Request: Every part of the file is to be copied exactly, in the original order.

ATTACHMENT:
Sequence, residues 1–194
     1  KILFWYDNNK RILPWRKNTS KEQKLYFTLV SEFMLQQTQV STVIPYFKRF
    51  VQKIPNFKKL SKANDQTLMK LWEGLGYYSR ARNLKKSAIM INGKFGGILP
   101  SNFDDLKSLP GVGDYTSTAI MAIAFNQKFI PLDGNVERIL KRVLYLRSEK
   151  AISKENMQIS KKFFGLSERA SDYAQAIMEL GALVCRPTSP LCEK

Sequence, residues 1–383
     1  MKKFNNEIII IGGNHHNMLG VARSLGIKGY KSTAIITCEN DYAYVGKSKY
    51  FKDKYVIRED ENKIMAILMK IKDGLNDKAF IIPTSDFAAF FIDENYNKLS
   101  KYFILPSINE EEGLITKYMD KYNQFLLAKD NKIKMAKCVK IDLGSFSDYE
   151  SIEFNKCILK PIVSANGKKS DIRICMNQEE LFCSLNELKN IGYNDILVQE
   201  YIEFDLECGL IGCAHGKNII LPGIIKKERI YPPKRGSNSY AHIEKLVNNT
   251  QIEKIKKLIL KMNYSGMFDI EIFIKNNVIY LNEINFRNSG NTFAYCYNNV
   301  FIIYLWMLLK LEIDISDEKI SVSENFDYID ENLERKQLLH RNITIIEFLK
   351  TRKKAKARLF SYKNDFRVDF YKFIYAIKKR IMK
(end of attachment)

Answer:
Sequence, residues 1–194
     1  KILFWYDNNK RILPWRKNTS KEQKLYFTLV SEFMLQQTQV STVIPYFKRF
    51  VQKIPNFKKL SKANDQTLMK LWEGLGYYSR ARNLKKSAIM INGKFGGILP
   101  SNFDDLKSLP GVGDYTSTAI MAIAFNQKFI PLDGNVERIL KRVLYLRSEK
   151  AISKENMQIS KKFFGLSERA SDYAQAIMEL GALVCRPTSP LCEK

Sequence, residues 1–383
     1  MKKFNNEIII IGGNHHNMLG VARSLGIKGY KSTAIITCEN DYAYVGKSKY
    51  FKDKYVIRED ENKIMAILMK IKDGLNDKAF IIPTSDFAAF FIDENYNKLS
   101  KYFILPSINE EEGLITKYMD KYNQFLLAKD NKIKMAKCVK IDLGSFSDYE
   151  SIEFNKCILK PIVSANGKKS DIRICMNQEE LFCSLNELKN IGYNDILVQE
   201  YIEFDLECGL IGCAHGKNII LPGIIKKERI YPPKRGSNSY AHIEKLVNNT
   251  QIEKIKKLIL KMNYSGMFDI EIFIKNNVIY LNEINFRNSG NTFAYCYNNV
   301  FIIYLWMLLK LEIDISDEKI SVSENFDYID ENLERKQLLH RNITIIEFLK
   351  TRKKAKARLF SYKNDFRVDF YKFIYAIKKR IMK